The laser cutter is tied to a visual system which watches for a number of cues. As we’ve featured before, this particular laser cutter can “see” pen strokes and will instruct the laser cutter to cut along the pen strokes (once all fingers are away from the cutting area, of course). The update to this system is that now, a user can import a drawing from a smartphone and manipulate it with a set of physical tokens that the camera can watch. One token changes the location of the cut, and the other changes the scale. This extends the functionality of the laser cutter from simply cutting at the location of pen strokes to being able to cut around any user-manipulated image without interacting directly with a computer. Be sure to check out the video after the break for a demonstration of how this works.

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Hot-Wire CNC Foam Cutter From E Waste

A couple of old DVD ROM drives and a compact photo printer is fairly standard fare at the thrift store, but what do you do with them? Hack them up to make a CNC foam cutter of course!

[Jonah] started with a couple LITE-ON brand DVD RW drives, which use stepper motors instead of plain old DC motors. This is a huge score since steppers make accurate positioning possible. With the internal frames removed, threaded rod and nuts were used to hold the two units parallel to each other forming the Z axis.

The feed mechanism from a Canon compact photo printer was then bolted onto the bottom to form the Y axis. Add a bit of nichrome wire for the cutting element (this can be found in old hair dryers) onto where the laser assembly of the DVD rom once lived, and you have the mechanics done.

Control is handled by an Arduino and some easy-driver modules to interface with the steppers. G-Code is generated by CamBam, which handles various cad files, or has its own geometry editor.

This is a fantastic way to get your feet wet in several ways; Cracking things open to harvest parts, driving steppers with simple micocontrollers, modeling and generating g-code, etc. The one issue we see with this build is a chicken-or-egg problem since you need to have a cube of foam cut down to somewhat strict dimensions before it will fit in this cutter. But we suppose that is really just an iterative design problem.

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Build a Baby Plasma Cutter–Right Now!

What hacker doesn’t want a plasma cutter? Even if you aren’t MacGyver, you can probably build this one in a few minutes using things you have on hand. The catch? You probably can’t cut anything more than tin foil with it, and it is probably more a carbon-air arc gouger (which uses plasma) than a true plasma cutter. Still, as [Little Shop of Physics] shows on the video, it does a fine job of slicing right through foil.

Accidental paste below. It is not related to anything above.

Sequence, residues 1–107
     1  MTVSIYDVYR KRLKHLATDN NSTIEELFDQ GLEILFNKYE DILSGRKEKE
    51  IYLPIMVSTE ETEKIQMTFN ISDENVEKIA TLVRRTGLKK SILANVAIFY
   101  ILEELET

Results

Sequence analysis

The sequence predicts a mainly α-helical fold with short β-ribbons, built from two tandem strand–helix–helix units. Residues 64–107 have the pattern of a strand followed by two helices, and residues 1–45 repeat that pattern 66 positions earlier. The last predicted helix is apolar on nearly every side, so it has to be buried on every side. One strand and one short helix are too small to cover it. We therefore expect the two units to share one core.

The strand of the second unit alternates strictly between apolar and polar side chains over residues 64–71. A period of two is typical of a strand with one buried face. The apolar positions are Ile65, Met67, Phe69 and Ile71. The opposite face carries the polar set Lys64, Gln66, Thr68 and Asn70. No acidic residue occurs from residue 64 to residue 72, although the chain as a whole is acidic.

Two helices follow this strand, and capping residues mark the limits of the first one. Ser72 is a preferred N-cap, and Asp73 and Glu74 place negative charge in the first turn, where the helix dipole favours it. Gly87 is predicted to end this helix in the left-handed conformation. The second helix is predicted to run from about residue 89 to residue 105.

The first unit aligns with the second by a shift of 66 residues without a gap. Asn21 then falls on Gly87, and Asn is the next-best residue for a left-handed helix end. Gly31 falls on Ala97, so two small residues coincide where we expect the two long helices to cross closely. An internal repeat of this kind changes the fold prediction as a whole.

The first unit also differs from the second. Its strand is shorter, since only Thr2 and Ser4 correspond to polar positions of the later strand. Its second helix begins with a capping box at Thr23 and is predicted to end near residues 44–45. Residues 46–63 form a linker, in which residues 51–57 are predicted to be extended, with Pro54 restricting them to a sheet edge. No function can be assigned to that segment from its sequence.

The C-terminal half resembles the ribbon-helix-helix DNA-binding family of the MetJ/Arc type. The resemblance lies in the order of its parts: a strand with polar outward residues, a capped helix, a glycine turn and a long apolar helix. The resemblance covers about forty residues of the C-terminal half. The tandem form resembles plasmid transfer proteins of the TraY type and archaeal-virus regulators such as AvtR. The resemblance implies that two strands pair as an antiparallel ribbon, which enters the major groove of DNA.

If you are like us, you are back now after getting four 9V batteries, some tin foil, a pencil lead, and some clip leads and trying it. If you have more self-restraint than we do, you might want to think about what you are going to put the tin foil over. In the video, they used a laundry basket and a rubber band, but anything that keeps the foil suspended would do the trick.

Although it isn’t really a practical plasma cutter, we were thinking about strapping something like this to a 3D printer and cutting foil stencils. The jagged edges on the video are, hopefully, more from being operated by hand and less from the jagged mini-lightning bolt vaporizing the foil.

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DIY Punch Card System Despite Hanging Chads

Sometimes you just have parts lying around and want to make something out of them. [Tymkrs] had a robot paper cutter, so naturally they made punch cards. But then, of course, they needed a punch card reader, so they made one of those too. All with stuff lying around the shop.

The Silhouette Portrait paper cutter is meant for scrapbooking, but what evokes memories of the past more than punchcards? To cut out their data, rather than cute kittens or flowers, they wrote some custom code to turn ASCII characters into rows of dots. And the cards are done — you just have to clean up the holes that didn’t completely cut. These are infamously known as hanging chads.

The reader is made up of a block of wood, with a gap for the cards and perpendicular holes drilled for LEDs and photoresistors. This is cabled to a Propeller dev board with some simple firmware. We would have used photodiodes or phototransistors, because that’s what’s in our junk box (and because they have faster reaction time), but when you’ve got lemons, make lemonade.

OK, now that you’ve got a punch card reader and writer, what do you do with it? Password storage comes to mind.